2004–present Stephanie Herseth Sandlin (D-SD)19 Representative
1998–present Mary Bono Mack (R-CA)20 Representative

Women Members Who Gave Birth While Serving in Congress

Dates of Service Name Chamber
1973–1979 Yvonne Brathwaite Burke (D-CA) Representative
1990–1997 Susan Molinari (R-NY) Representative
1995–1997; 1998–present Blanche Lambert Lincoln (D-AR) Representative/Senator
1995–1997 Enid Greene Waldholtz (R-UT) Representative
2003–present Linda T. Sánchez (D-CA) Representative
2004–present Stephanie Herseth Sandlin (D-SD) Representative
2005–present Cathy McMorris Rodgers (R-WA) Representative
2007–2009; 2009–present Kirsten Gillibrand (D-NY) Representative/Senator

Daughters Who Directly Succeeded their Fathers in Congress

Women Members of Congress Whose Fathers Preceded Them as Representatives or Senators

Women Members Whose Children Have Served in Congress

Women Members Whose Siblings Have Served in Congress

Footnotes

  1. Smith served in the House from 1940 to 1949 and then won election to the Senate, where she served from 1949 to 1973.
  2. Territorial delegate.
  3. Neuberger was not immediately appointed to succeed her husband Richard Neuberger after he died in early 1960. However, she won the general election in November 1960 to serve the remainder of her husband's unexpired term in the 86th Congress and a full six-year term commencing on January 3, 1961.
  4. Mel Carnahan was killed in a plane crash less than two weeks before the election for the Missouri Senate seat he was running for. His name remained on the ticket, and he posthumously defeated incumbent John Ashcroft by a narrow margin. Governor Roger Wilson appointed Jean Carnahan to her husband's vacant seat. Carnahan's re-election bid in a special election held in 2002 was unsuccessful.
  5. Her husband, John Wesley Langley, had won re-election to the House in 1924 for Kentucky's 10th District but was convicted of conspiring to transport and sell liquor in violation of the Volstead Act. He was placed in a federal penitentiary in Atlanta before his term expired. Katherine Langley ran successfully for his seat in 1926 and was re-elected in the 71st Congress in 1928.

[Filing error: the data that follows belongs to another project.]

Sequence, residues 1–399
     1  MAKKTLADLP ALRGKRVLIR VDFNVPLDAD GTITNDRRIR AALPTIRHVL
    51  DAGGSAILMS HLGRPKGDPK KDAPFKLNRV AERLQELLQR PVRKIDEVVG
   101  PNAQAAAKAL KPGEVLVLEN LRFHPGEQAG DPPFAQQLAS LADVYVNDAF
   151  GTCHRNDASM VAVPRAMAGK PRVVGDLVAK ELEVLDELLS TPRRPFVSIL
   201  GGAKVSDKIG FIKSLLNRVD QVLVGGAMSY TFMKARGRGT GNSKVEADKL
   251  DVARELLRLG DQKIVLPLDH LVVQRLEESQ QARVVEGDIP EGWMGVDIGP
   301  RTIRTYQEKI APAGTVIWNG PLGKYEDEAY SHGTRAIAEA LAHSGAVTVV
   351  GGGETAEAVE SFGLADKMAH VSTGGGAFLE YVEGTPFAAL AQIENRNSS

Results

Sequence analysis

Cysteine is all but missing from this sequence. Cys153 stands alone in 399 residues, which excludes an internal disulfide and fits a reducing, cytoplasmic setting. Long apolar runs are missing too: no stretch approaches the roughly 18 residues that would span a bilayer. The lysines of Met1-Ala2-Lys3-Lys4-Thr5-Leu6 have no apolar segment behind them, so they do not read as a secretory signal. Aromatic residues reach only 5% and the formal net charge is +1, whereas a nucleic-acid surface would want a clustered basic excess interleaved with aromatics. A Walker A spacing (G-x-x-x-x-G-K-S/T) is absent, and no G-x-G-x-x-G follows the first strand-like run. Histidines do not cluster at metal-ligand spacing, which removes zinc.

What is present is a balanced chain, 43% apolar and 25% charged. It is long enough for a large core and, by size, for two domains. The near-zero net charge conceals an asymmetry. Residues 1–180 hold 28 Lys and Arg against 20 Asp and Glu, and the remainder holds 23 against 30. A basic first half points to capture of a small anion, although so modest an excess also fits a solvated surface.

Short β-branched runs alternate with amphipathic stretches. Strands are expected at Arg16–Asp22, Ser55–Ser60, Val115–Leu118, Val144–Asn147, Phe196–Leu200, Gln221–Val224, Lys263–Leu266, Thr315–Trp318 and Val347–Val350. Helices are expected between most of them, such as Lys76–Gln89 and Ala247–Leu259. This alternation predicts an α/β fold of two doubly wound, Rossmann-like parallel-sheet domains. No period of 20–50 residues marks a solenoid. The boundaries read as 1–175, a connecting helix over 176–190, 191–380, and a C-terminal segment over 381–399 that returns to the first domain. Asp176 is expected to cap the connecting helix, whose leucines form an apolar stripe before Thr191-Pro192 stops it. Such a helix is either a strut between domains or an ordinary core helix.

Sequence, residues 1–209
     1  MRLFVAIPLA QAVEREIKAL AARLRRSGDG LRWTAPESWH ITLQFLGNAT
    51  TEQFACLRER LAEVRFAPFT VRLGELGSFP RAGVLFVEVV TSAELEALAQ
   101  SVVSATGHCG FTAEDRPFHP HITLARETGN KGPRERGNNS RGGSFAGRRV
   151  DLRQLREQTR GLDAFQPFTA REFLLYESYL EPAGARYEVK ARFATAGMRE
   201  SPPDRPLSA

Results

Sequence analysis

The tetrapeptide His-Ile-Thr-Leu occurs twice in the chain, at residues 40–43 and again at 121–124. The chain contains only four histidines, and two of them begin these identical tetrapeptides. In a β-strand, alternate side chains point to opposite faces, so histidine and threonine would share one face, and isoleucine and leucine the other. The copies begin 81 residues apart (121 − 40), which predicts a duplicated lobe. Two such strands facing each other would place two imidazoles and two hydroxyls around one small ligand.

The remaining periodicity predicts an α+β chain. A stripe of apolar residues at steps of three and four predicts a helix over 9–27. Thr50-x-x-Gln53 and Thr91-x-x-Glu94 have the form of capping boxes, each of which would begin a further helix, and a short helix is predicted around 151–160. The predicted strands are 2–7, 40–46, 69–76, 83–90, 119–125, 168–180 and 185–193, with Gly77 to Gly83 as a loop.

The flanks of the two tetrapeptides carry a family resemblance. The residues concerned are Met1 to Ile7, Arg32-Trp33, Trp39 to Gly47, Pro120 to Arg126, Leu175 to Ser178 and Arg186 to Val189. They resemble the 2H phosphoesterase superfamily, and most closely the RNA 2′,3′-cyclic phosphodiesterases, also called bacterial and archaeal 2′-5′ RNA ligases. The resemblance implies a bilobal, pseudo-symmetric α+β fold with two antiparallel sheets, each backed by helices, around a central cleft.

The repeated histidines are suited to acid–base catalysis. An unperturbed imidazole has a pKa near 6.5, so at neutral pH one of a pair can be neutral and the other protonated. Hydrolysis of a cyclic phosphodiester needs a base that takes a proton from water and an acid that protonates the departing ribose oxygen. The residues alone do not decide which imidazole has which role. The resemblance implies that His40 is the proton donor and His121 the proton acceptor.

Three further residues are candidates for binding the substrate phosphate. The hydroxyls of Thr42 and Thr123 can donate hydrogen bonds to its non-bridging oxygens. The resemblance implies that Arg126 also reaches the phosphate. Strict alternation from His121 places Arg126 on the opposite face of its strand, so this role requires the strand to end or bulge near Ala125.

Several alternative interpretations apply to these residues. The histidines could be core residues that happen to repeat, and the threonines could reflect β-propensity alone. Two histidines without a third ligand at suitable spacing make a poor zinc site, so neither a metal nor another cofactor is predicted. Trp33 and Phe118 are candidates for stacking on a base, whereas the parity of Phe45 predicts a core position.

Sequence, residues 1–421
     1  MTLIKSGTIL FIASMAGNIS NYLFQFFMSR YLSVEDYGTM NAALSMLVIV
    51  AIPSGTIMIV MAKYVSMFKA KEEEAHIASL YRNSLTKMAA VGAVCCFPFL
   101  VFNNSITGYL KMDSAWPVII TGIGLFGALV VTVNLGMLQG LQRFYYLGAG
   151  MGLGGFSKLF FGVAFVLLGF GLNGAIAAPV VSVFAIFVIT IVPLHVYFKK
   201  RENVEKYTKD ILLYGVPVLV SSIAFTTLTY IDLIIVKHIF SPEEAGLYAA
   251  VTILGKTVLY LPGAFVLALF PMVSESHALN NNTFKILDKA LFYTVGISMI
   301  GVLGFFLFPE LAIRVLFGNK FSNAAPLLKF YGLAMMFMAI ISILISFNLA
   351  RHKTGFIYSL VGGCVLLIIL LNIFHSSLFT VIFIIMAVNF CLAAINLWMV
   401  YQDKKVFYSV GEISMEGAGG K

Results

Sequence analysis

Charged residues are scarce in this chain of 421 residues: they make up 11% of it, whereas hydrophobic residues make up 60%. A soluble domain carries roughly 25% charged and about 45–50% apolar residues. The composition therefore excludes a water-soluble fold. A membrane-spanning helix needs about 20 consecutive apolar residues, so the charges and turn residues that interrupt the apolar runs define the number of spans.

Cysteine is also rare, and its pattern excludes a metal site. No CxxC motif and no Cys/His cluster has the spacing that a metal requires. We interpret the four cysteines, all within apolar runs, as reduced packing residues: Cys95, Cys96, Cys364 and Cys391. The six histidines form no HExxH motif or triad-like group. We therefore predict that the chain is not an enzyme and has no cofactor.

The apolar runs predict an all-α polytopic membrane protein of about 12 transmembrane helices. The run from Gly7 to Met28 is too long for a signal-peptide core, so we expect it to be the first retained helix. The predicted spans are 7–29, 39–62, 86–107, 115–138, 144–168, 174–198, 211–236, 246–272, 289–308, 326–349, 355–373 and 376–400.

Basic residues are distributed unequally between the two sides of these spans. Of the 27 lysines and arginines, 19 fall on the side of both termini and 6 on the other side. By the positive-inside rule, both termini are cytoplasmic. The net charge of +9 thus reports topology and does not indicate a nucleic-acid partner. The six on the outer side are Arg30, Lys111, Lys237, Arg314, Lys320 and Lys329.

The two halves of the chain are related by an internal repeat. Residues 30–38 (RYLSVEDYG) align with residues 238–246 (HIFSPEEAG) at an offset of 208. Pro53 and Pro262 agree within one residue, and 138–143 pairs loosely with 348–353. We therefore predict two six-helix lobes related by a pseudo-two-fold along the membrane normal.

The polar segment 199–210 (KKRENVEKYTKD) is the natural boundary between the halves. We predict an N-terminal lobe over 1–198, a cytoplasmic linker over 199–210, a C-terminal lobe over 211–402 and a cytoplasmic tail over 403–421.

6. The GOP nominee for Illinois' 15th District, Frank R. Reid, Jr., died in August 1962 while campaigning for the open seat. Republican officials convinced his widow, Charlotte Reid, to replace him on the ticket.
  7. Just weeks after securing the Democratic nomination to challenge Republican incumbent Lamar Baker in Tennessee's 3rd District, Mort Lloyd was killed in a plane crash. Democratic leaders convinced his widow, Marilyn Lloyd, to replace him on the ticket.
  8. Ruth Hanna McCormick won election in 1928 to one of Illinois' two At-Large House seats. Her husband, Joseph Medill McCormick, had served one term each in the House (1917–1919) and the Senate (1919–1925). He died days before his Senate term expired in February 1925.
  9. John B. Sullivan died in January 1951, but Leonor Sullivan could not convince Missouri 3rd District Democrat leaders to give her the nomination for the special election. In November 1952, after redistricting merged her husband's old district with another, she defeated GOP incumbent Claude I. Bakewell, who had succeeded John Sullivan in the 82nd Congress.
  10. Nicola Tsongas was elected to a House seat covering a Massachusetts congressional district once represented by her late husband, Paul Tsongas. Paul Tsongas served in the House from 1975 to 1979 and, later, in the Senate from 1979 to 1985. He died in 1997.
  11. (See note 8 above.) Ruth Hanna McCormick married Rep. Albert Simms, who had served one term in the House with her in the 71st Congress (1929–1931), in March 1932.
  12. Married to Sen. Paul Douglas (D-IL, 1949–1967).
  13. Married Rep. Andrew Jacobs (D-IN, 1965–1973, 1975–1997) in 1975 while both were serving in the House.
  14. Married Sen. Howard Baker (R-TN, 1967–1985) in 1996 after he left office but while she still was in the Senate. They had served together six years.
  15. Married Rep. John McKernan, Jr. (R-ME, 1983–1987) in 1989, after he had left the House and was serving as governor of Maine, but while Snowe was still in the House. They had served together four years.
  16. Married Rep. Bill Paxon (R-NY, 1989–1999) in 1994 while both were serving in the House.
  17. Preceded in the House by her husband, Rep. Ed Mezvinsky (D-IA, 1973–1977).
  18. Preceded in the Senate by her husband, Robert J. Dole (R-KS), who served in the House from 1961 to 1969 and the Senate from 1969 to 1996.
  19. Stephanie Herseth married Rep. Max Sandlin (D-TX, 1997–2005) in 2007. They served together for one year in the House.
  20. Mary Bono married Rep. Connie Mack IV (R-FL, 2005–present) in 2007. They are currently serving together in the House.
  21. They were the only mother–son pair to serve simultaneously.
  22. James Kee was the first son to directly succeed his mother in Congress.